Guest Blog: Horror Movie Picks from a Long-Time Fan
I’m Dan Fox, long-time member of the Raleigh TCM Club, life-long classic movie fan of all genres, obsessive physical media movie collector—starting with laser discs and now into my 4K Blu-ray phase—and original movie lobby card collector.
I mostly grew up in Augusta, Georgia, where, I suppose, like in most other towns in the mid-1950s and early 1960s, there were no suburban movie theaters other than drive-ins. The three indoor movie theaters in Augusta were all located downtown, and they were situated close to each other on Broad Street. As a child, probably starting at age eight or so, every Saturday afternoon, unless it was raining, I walked about a mile to the bus stop and took the city bus from our suburban home to the downtown area to see a movie—sometimes alone, sometimes with friends.
My earliest memory of seeing a horror movie was, I believe, at age seven when my father, a tall, fairly muscular (he built himself up with Charles Atlas exercises), mild mannered, very loving, very religious man, who was not a big-time movie buff, totally surprised me when he told me that it was about time that I saw my first horror movie on TV. I figured if Dad said it was okay, it HAD to be okay. We watched Boris Karloff in Frankenstein on the local late night “Chiller Theater” show. It delighted me, but also freaked me out.
That was the beginning of my fascination with horror movies, science fiction, and psychological thrillers. You may become a bit jealous when you hear about some of the horror movies that I saw first run, on the big screen, usually at the Imperial Theater, next to the Snappy’s Hamburgers joint. By the way, the Imperial Theater is still being used occasionally for special entertainment events.
I was never what they call a “gore hound” with an interest in slasher movies or explicit violence. In my mind, implied violence and an artistic atmosphere of terror was better, although if brief, and the depiction of some explicit violence was absolutely necessary in order to tell the story, and not just exploitive, I could handle it.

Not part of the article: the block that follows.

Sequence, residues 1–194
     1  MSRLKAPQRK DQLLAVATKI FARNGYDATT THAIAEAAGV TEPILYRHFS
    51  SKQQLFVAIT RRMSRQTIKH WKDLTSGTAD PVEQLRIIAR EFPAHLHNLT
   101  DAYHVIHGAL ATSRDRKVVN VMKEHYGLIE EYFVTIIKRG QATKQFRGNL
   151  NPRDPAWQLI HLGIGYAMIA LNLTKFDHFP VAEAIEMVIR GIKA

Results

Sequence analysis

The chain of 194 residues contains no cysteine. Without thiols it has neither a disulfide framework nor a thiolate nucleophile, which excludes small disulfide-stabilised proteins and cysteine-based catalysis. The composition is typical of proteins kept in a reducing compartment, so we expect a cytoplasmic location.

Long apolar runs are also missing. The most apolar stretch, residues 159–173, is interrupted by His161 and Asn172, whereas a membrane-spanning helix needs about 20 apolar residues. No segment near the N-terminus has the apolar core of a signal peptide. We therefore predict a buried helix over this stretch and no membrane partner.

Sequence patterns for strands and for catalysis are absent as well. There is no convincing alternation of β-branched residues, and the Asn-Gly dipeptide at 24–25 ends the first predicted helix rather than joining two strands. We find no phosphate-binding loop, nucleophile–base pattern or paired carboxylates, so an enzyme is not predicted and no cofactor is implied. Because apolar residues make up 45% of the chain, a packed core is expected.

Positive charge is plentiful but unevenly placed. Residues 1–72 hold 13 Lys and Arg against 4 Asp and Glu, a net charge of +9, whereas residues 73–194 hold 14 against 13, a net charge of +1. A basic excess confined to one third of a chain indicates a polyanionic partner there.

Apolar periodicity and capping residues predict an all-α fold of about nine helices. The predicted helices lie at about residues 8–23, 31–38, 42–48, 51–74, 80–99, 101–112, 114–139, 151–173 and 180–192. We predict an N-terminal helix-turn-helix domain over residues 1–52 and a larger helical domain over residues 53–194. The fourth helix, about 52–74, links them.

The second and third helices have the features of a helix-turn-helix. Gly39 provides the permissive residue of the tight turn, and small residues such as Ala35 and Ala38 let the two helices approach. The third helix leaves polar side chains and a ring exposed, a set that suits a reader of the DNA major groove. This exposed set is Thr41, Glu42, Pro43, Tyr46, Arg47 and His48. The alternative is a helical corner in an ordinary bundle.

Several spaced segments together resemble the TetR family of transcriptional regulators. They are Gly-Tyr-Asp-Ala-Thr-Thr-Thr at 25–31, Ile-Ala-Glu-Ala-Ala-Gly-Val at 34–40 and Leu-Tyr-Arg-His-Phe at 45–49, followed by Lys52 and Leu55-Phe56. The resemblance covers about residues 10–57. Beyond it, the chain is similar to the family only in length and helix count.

When it came to the competing movie monster camps of Universal Monster fans versus Hammer Horror monster movie remake fans, I firmly stood in the colorful, often lurid, Hammer Productions camp with their lush and thrilling sound tracks and lovely historical, period piece settings.
The most thrilling first run movie highlights of my childhood were as follows:
- Any movies that were part of the Roger Corman-directed Poe cycle starring Vincent Price. However, the excellent Premature Burial (1962) featured Ray Milland because Vincent was not available for that one.
- Black Sunday (1960) – An Italian movie starring the mesmerizing Barbara Steele, a British actress who was also featured in The Pit and the Pendulum. Black Sunday was directed by Mario Bava, who was also involved with the production of my favorite Peplum movie—Hercules with Steve Reeves. The very first scene of Black Sunday was terrifically violent and as a kid, I could not believe that I had been allowed to watch it.